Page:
This approach, and the large number of people who create the technologies represented in this event, have, in my opinion, several implications for legal research in the field of AI. In the legal field, as elsewhere, we often tend to perceive artificial intelligence in terms of its effects or impacts. On a more conceptual note, a look at technological innovation provides us with the tools to study a very particular moment in the AI development, the design stage, which involves technical, social, economic and political choices. It thus highlights the social dimension of innovation through the interaction between technology and social issues in the design process of these tools. It can therefore be said that the HCAI is a very appropriate approach to get out of technical determinism. If it draws from a sociological perspective, this approach then makes it possible to move away from a deterministic vision where technology determines social, and innovation is an external force that determines social - while recognizing that technologies are not neutral and that they help to structure practices. On a more pragmatic note, what could be better than to explore the approach and practices of designers when they try to design technologies that use AI to meet social needs?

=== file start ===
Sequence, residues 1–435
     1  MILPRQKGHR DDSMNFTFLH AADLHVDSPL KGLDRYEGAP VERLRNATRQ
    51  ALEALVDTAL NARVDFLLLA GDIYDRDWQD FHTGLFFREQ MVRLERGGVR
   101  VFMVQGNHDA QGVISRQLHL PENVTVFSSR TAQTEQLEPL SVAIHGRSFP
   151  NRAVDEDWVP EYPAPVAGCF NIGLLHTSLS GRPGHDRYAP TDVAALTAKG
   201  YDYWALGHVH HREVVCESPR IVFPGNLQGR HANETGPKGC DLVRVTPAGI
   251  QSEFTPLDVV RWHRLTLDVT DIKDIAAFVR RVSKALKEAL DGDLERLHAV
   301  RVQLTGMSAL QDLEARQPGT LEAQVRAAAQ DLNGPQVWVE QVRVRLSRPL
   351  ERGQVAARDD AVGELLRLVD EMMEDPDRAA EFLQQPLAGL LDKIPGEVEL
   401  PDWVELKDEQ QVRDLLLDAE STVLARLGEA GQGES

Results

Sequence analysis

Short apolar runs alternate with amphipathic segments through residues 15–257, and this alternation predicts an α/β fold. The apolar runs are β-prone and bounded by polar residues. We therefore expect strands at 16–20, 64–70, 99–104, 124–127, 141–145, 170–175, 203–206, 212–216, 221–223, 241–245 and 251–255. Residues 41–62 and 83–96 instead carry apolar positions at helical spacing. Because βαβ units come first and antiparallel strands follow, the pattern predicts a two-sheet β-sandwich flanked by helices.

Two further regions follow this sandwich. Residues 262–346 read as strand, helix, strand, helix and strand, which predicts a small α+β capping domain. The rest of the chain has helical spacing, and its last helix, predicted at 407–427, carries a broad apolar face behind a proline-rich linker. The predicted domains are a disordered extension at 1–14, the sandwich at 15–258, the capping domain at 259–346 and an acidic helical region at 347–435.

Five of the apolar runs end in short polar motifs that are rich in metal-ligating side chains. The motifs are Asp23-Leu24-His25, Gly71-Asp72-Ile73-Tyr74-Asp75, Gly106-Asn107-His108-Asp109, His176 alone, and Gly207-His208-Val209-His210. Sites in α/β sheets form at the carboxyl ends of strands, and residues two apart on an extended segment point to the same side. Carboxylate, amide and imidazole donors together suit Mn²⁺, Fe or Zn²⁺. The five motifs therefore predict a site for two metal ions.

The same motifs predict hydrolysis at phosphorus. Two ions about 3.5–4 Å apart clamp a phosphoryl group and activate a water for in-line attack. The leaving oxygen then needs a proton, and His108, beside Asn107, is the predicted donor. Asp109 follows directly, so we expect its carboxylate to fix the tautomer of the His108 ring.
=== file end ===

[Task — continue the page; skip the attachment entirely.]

For example, it is in a relatively provocative way that Jaron Lanier puts the question of the impacts of AI into perspective: does AI exist? According to him, there are only data and designers - and, let us add, social structures that form the context for the design and use of AI. Together, they create a form of mystifying creature called AI. The HCAI is then perhaps the opportunity, or even tangible evidence, to see that technology is a human and social construct since many of these aspirations, needs and fears related to AI vary according to geographical and social location. Both the motivations behind the design of technical systems and the concerns raised by their implementation highlight different conceptions of the common good, but also of human rights. An important use that emerges from the conferences is that of chatbots to meet various socio-economic needs, for example to help farmers maximize their harvest or to provide sexual health information throughout India (HAIYA and Love Matters India). These lessons are just as relevant at the stage of appropriation of technologies by users: their use is part of a context of specific practices. As Naveen Barangkot points out, HCAI draws on Human-Centered Design, which studies human interactions in their context in order to design computer systems. This is what ethnomethodologists do in the field of AI, which seeks to explore how technology can integrate into pre-existing human practices by observing these practices, or chatbots designers who use real human conversations to feed their algorithm.